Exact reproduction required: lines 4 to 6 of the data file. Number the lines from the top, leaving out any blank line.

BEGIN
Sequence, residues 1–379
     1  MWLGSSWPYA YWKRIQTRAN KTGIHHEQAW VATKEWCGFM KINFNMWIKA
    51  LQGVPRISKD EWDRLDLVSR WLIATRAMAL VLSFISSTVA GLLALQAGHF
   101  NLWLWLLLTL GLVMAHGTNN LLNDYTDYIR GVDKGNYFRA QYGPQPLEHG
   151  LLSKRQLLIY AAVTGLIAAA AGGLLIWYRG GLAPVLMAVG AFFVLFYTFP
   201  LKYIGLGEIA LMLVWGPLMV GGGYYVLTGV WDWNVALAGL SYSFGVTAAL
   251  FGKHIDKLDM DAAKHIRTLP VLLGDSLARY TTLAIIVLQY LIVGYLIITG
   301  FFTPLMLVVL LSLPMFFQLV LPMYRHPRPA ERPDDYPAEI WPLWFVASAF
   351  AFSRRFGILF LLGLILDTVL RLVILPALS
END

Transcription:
   101  NLWLWLLLTL GLVMAHGTNN LLNDYTDYIR GVDKGNYFRA QYGPQPLEHG
   151  LLSKRQLLIY AAVTGLIAAA AGGLLIWYRG GLAPVLMAVG AFFVLFYTFP
   201  LKYIGLGEIA LMLVWGPLMV GGGYYVLTGV WDWNVALAGL SYSFGVTAAL